The Basset Retriever is a small dog, and as such, they do not have a massive appetite. That said, they are highly energetic dogs with a great deal of weight for their small size and certainly eat more than most other similar-sized dogs. The food that you give your Basset Retriever should be formulated especially for medium-sized breeds. Dry kibble is great, provided that it is high-quality. Two cups per day divided into two separate meals a day to avoid bloat is recommended. Make sure that animal-derived protein is first on the list of ingredients, ideally chicken or beef, and the food should be free from artificial flavors, colors, and preservatives. It’s a good idea to make sure it is also free from “filler” ingredients, like wheat, soy, and corn, and it should have a protein content of at least 40%.

Be careful not to overfeed these dogs, as they are prone to getting overweight, especially if they’re not getting enough exercise. You can supplement their dry food with lean meats occasionally, as this is a great way for them to get the quality protein that they need for growth and energy.

Exercise

Basset Retrievers are high-energy dogs with a long history in their parent breeds of hunting and working. You should aim to give them at least 2 hours of exercise a day, ideally divided into two sessions. It’s important to have these dogs on a leash when walking them, as they have a powerful nose and may go running off after a scent, after which they are difficult to get back. Even a well-trained Basset Retriever may get tunnel vision when it comes to a tempting scent and suddenly forget their command training!

Playtime is an important part of exercise, and this will help your pooch get the mental stimulation that they need. It also offers a great opportunity for bonding with your dog. They love games like fetch and frisbee and are known for swimming too.

Training

Basset Retrievers have powerful prey instincts in general, and they’ll need good training to keep them from running off after a scent. You should aim to begin training as early as possible, preferably the day that you bring them home, and the same goes for socialization. With their Basset Hound heritage, they can be stubborn at times, so they’ll need consistent and firm training that will take time and dedication. We highly recommend reward-based training methods, as their eager-to-please nature will respond well to these methods and help them learn commands far quicker.

We also recommend engaging in training sessions after exercise, as they’ll be less distracted and more likely to concentrate on the task at hand. They are highly intelligent pooches with their Golden Retriever genes, so they are generally fast learners and on the whole, enjoy the training process.

Grooming ✂️

Basset Hounds are a breeze to groom, with short to medium-length coats that are not prone to matting or knotting. They’ll still need regular brushing, though, at least once a week, to remove any dead hairs and to keep the inside of your house free of dog hair! Bathing is not necessary unless they get dirty, and even then, warm water is fine, as shampoos can interfere with their coat’s natural oils.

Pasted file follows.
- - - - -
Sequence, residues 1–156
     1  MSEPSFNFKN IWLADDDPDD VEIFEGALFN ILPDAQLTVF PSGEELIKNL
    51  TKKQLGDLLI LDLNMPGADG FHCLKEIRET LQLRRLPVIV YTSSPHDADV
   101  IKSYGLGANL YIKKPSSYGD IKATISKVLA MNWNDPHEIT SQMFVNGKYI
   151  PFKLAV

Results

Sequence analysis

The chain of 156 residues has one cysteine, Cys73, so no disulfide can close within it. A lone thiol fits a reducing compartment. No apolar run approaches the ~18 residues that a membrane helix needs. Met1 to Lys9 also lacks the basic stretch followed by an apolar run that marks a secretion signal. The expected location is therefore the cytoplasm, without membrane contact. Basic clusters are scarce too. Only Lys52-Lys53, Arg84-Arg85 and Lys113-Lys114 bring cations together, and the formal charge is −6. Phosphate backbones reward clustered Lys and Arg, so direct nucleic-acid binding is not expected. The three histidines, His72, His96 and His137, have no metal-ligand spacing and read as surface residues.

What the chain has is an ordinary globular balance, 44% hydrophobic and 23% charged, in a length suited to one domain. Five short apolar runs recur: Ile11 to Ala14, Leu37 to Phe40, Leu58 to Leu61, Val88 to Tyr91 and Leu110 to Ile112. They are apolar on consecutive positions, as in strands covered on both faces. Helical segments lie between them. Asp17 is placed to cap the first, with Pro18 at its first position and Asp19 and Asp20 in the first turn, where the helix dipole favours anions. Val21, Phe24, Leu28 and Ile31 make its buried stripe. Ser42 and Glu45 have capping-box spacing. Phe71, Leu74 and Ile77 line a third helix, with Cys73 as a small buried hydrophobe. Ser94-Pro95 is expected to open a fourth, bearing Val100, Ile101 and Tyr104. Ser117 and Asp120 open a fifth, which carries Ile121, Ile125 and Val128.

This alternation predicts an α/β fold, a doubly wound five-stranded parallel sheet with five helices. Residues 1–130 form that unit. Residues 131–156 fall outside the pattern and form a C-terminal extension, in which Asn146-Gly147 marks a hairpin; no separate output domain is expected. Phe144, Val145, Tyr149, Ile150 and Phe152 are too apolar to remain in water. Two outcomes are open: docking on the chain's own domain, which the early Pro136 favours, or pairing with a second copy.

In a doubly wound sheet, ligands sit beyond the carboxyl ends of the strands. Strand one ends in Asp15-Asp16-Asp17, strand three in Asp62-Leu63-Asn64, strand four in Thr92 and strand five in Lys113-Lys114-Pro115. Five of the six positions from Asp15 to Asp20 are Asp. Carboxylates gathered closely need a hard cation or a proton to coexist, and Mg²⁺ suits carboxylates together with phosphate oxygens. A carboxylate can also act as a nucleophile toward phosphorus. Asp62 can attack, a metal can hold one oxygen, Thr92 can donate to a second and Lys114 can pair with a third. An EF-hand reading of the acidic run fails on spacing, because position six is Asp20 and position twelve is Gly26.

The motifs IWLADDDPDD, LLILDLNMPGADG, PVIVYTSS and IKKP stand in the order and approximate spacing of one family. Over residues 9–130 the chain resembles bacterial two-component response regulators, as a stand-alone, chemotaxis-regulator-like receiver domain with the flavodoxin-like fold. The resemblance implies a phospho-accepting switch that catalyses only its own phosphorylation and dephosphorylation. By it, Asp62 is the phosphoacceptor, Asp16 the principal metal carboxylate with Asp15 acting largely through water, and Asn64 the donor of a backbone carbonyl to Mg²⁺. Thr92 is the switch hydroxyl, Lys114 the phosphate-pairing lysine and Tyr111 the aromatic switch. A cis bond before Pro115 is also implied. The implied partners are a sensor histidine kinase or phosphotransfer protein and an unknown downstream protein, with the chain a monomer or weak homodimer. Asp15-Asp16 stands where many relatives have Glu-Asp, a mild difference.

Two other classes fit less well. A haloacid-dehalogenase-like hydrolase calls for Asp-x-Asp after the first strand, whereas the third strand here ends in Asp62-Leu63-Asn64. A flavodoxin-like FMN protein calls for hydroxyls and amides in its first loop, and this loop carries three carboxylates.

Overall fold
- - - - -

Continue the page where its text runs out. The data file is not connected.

Basset Retrievers may inherit their parent breed’s long, droopy ears, so it’s important to check their ears for any signs of infection and keep them clean and free from debris. They may need their toenails clipped every couple of months, and it’s a good idea to brush their teeth occasionally to prevent any dental issues.

Health and Conditions 🏥

Basset Retrievers are generally healthy pooches, and their mixed genetics make them less likely to suffer from issues that their parent breeds do. Still, there is no guarantee, and they may inherit common conditions of both Basset Hounds and Golden Retrievers. This includes hip and elbow dysplasia and eye issues, and their long ears make them prone to ear infections.

Minor Conditions
  • Cataracts
  • Entropion
  • Cherry eye
  • Ear infections
Serious Conditions
  • Patellar luxation
  • Hip and elbow dysplasia
  • Glaucoma

Male vs Female

If you’ve decided that a Basset Retriever is the dog for you, you’ll need to decide whether to get a male or female. The main thing to consider when deciding on sex is the dogs you already have at home, as same-sex pairings are known to cause fighting at times. If the Basset Retriever will be your only dog, the choice of a male or female is entirely down to personal preference, as there is little difference in personality between males and females.

It’s important to point out that your dog’s temperament is far more influenced by their genetic lineage, upbringing, and environment than their sex. No matter which you go with, we (and most dog experts) highly recommend spaying and neutering your Basset Retriever, as this prevents unwanted pregnancies in females and stops males from wandering in search of females.

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3 Little-Known Facts About the Basset Retriever

1. Basset Retrievers have an incredible sense of smell

With both the Basset Hound and Golden Retriever in their heritage — both breeds that have been used widely for their keen sense of smell — you can be sure that your Basset Retriever will have the same highly sensitive nose. The Basset Hound’s sense of smell is second only to that of the Bloodhound, leading Basset Hounds to be used consistently in field and scenting work. The Golden Retriever’s nose is no slouch either; they have been used widely in search-and-rescue operations and as guide dogs for the blind. With this combination, the Basset Retriever is sure to have a sharp sense of smell.


2. They are highly intelligent

Basset Hounds have been used as working dogs for centuries due to their keen sense of smell and their high intellect. While they are known to be somewhat stubborn and independently-minded at times, they are accustomed to training and taking instruction. Golden Retrievers are consistently ranked among the top five smartest dog breeds, so along with a sharp sense of smell, your Basset Retriever is sure to have a sharp mind too.


3. They are small but heavy

The Basset Retriever may be small, typically standing only 12-14 inches high, but they make up for this with their heavy, dense bone structure. Adult Basset Hounds can weigh up to 70 pounds, and Basset Retrievers are not far off. These dogs are stocky, hardy little pooches that many people struggle to pick up.

Conclusion

The Basset Retriever inherits all the best parts of their parent breeds, resulting in a loyal, loving, and intelligent dog that makes a great addition to any family. They are generally easy to care for, low maintenance, fairly easy to train, and require moderate exercise. They are great for novice dog owners, although they have a stubborn streak that can be difficult in training. But with patience and consistency, this is not a huge problem.

If you are looking for a mild-mannered, affectionate, and low-maintenance pooch to add to your family, the Basset Retriever is a great choice!

See Also:


Featured Image Credit: Jon Osumi, Shutterstock